Many people experience eye floaters and flashes. Most of the time, they are harmless. However, in some cases, they can indicate an underlying eye problem.
In today’s post, your local eye doctor, Nova Vision Center, discusses what causes floaters and flashes and when they can be signs of a serious condition.
What Are Floaters and Flashes?
Floaters can look like small specks, dots, lines, cobwebs or circles. You may assume that they’re in front of the eyes, but they are actually inside. They are shadows cast by clumps of cells or gel inside the vitreous.
You typically see floaters when you’re staring at a plain surface. The vitreous begins to thicken or shrink as you age. A posterior vitreous detachment can cause the formation of floaters. They aren’t serious and tend to fade away in time. In the case of severe floaters, surgery may be needed.
Flashes look like sparks or strands of light that hit the visual field. They occur when the vitreous gel rubs, bumps or tugs on the retina. Flashes become more common as you age.
It’s recommended to consult your optometrist for an eye exam if you’re experiencing discomfort, as floaters and flashes can sometimes indicate an underlying eye condition.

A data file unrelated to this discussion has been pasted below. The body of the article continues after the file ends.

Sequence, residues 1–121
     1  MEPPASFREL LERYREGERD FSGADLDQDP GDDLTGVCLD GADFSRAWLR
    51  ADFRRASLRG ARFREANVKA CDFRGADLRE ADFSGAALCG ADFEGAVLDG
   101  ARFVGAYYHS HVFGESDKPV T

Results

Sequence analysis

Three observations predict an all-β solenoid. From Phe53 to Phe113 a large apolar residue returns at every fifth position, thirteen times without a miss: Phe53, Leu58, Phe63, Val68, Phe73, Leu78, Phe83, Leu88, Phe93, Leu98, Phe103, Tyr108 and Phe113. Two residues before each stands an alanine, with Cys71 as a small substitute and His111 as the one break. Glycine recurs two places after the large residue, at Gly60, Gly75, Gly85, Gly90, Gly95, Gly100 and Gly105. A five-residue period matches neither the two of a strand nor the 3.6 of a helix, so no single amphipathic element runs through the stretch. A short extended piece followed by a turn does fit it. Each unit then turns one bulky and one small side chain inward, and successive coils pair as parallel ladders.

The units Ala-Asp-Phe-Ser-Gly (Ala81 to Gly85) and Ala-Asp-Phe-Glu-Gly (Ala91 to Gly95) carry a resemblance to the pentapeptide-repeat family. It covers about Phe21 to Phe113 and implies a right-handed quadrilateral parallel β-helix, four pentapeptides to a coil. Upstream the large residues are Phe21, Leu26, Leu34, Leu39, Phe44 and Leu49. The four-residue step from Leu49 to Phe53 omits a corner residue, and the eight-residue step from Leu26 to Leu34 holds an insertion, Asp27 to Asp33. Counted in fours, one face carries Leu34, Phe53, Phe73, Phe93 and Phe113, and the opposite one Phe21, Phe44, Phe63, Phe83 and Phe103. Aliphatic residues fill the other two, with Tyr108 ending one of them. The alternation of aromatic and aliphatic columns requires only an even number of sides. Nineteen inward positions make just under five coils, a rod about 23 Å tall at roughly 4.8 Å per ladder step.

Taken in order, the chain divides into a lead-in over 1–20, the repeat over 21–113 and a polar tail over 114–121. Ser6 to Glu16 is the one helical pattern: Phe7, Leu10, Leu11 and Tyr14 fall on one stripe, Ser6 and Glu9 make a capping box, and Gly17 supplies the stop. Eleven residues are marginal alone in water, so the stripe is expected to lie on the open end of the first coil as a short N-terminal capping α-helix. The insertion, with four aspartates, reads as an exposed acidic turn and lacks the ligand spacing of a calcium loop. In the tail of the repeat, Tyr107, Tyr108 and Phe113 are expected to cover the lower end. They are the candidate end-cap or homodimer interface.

When Do They Indicate a Serious Eye Problem?
In some cases, floaters and flashes are warning signs of eye conditions. Posterior vitreous detachment can sometimes cause the retina to tear. Fluid in the eye can enter through the tear and sever the retina from the tissues that sustain it. This condition is called retinal detachment and it can lead to permanent vision loss.
Common symptoms of retinal tears are the sudden appearance of floaters and flashes, vision shading from one side and decline in the quality of your central vision.
Immediately call your eye doctor if you’re experiencing these symptoms. Early detection and prompt treatment of retinal tear can prevent retinal detachment. Visit Nova Vision Center for a comprehensive eye exam. Aside from eye disease management, we also offer high-quality contact lenses and eyeglasses. Call us at (703) 291-0080 or request an appointment online. We assist patients in Falls Church and Arlington, VA.